Photo by Amanda Parks

The exhibition also included a charming set for taking a commemorative photo to remember your visit.

Panasonic Shiodome Museum of Art
Photo by Amanda Parks

Of course, an art gallery by Panasonic wouldn’t be complete without some tech! This is integrated subtly via meticulously planned LED lighting design and fixtures, and strategically placed Space Player projectors used to enhance the staging of the displays.

Photo by Amanda Parks
Photo by Amanda Parks

What’s on in 2019/2020

    11 January 2020 (Saturday) ➔ 22 March 2020 (Sunday)

    Dreams of Life Connected by Modern Design

    Examine the work of those who lived through the horrors of World War II and dreamed of building a better world through modern design.

    11 April 2020 (Saturday) ➔ 23 June 2020 (Tuesday)

    Georges Rouault and Japan: A Shared Spirit and Sense of Art

    Explore how Georges Rouault came to be so well loved in Japan and see how his influence manifests in modern Japanese art.

    18 July 2020 (Saturday) ➔ 22 September 2020 (Tuesday)

    Contemporary Japanese Crafts: Reinterpretation, Exquisite Craftsmanship, and Aesthetic Exploration

    Study the three major trends in contemporary Japanese craft arts and view world-famous Japanese craft pieces including heel-less shoes by Noritaka Tatehana (popularized by Lady Gaga) and three-dimensional fish paintings by Riusuke Fukahori.

    10 October 2020 (Saturday) ➔ 15 December 2020 (Tuesday)

    BUNRIHA 100

    Trace the history of the Bunriha, the first contemporary architectural movement in Japan.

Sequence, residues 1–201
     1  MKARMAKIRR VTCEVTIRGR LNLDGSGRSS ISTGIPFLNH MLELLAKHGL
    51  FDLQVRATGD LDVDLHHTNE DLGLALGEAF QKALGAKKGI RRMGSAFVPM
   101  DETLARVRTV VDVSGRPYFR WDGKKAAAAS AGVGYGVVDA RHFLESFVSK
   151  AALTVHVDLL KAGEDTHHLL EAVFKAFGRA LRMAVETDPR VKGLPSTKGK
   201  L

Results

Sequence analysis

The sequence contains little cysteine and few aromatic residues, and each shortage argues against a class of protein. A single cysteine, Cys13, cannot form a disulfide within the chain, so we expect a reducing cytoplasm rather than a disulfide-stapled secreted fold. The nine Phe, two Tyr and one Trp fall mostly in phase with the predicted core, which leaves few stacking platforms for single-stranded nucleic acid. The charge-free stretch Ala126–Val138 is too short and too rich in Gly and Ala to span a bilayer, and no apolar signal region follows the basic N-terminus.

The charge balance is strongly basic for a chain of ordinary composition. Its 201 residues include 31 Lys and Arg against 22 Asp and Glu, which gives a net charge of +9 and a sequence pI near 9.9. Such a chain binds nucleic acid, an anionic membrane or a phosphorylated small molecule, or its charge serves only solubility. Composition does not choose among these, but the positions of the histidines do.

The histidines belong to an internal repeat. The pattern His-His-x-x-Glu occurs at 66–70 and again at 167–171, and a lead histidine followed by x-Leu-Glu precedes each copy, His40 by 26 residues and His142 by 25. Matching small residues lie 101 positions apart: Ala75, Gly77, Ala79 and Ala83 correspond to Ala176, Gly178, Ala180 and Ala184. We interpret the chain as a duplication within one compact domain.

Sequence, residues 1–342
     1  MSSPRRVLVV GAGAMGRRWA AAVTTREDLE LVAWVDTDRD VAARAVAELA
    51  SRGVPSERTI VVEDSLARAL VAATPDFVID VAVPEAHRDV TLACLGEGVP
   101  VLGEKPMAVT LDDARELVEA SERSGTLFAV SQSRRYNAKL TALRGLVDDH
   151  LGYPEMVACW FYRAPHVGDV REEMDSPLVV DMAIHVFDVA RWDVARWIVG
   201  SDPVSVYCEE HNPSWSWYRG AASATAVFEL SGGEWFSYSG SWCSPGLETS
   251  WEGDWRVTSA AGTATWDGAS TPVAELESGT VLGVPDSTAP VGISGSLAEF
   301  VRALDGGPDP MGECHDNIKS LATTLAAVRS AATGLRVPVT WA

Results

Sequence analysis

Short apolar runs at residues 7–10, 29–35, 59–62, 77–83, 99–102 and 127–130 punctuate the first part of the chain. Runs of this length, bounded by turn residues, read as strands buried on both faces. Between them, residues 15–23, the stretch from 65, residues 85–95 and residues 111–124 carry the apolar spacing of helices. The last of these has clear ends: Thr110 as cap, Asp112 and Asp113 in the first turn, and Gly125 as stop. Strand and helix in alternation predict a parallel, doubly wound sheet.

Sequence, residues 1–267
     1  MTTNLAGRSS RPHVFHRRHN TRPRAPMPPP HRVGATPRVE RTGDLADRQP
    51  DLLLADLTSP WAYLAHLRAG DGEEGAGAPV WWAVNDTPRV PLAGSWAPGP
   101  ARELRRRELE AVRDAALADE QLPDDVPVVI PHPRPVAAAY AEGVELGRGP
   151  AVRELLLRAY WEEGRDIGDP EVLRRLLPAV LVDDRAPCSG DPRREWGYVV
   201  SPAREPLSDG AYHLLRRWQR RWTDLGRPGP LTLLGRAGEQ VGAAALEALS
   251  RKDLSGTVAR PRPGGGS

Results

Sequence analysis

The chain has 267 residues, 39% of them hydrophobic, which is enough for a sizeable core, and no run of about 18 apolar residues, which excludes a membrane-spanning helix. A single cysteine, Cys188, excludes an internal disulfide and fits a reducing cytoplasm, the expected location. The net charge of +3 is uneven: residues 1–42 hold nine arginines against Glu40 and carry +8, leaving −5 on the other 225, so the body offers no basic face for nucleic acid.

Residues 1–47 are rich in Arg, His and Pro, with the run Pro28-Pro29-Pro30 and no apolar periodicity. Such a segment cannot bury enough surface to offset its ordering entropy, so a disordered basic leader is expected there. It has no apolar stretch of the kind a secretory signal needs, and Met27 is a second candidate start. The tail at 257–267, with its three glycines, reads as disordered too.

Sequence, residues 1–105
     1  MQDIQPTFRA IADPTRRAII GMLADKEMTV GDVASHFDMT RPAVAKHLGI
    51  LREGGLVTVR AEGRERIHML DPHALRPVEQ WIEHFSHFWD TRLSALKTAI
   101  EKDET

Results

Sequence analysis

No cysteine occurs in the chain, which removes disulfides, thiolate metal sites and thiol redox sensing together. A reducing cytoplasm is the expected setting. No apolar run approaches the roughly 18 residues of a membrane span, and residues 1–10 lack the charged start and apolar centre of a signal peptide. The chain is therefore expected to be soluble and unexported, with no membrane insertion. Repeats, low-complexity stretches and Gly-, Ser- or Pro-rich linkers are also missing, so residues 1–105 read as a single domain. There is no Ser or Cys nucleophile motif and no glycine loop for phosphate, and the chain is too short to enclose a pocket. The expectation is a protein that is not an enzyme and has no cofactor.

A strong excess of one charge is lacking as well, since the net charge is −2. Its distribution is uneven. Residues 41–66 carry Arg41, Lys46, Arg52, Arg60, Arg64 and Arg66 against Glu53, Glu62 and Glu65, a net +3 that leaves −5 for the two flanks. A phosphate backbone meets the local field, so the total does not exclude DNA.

9 January 2021 (Saturday) ➔ 21 March 2021 (Sunday)

    Aromatic Vessels: Treasures from the Takasago Collection

    A comprehensive look at the world of aromas, from ancient vases for storing aromatic oils to European perfume bottles, and classic Japanese incense tools.

What else to do at the museum

Panasonic Shiodome Museum of Art
Photo by Amanda Parks

After you’ve finished perusing the exhibit, stop by the museum gift shop for a selection of art-themed books, postcards, and other goods. They accept cash, credit and IC travel card payments.

Panasonic Shiodome Museum of Art
Photo by Amanda Parks

If you enjoy interior design and are interested in seeing the differences (and similarities) between Japanese houses and your own, head down to the free Panasonic Living Showroom (1F–B2F) and Tokyo Renovation Museum (1F). The model living rooms, kitchens, and bathrooms show off the latest in Japanese lifestyle trends and technology—including automatic filling bathtubs and state-of-the-art toilet seats. Guidance is available in Japanese only.

Panasonic Shiodome Museum of Art
Photo by Amanda Parks

Finally, upon exiting the first-floor reception area, walk around to the west-facing side of the building to find the #LoveWall. This massive artwork was designed by internationally renowned muralist James Goldcrown. It’s the perfect backdrop for a group photo or Insta pic.

Love Wall Panasonic Museum
Photo by Amanda Parks

How to get to the Panasonic Shiodome Museum of Art

The museum can be accessed via JR, subway, or the Yurikamome Line, and signage is abundant. If you’re visiting on a rainy (or snowy or humid) day, enter via Shiodome Sio-Site to avoid the elements.

Opening hours

Daily from 10 am to 6 pm (last entry at 5:30 pm). Closed on Wednesdays.


Entry is usually around ¥1,000 for adults. Ticket prices may change depending on the exhibition, so check the website before you go.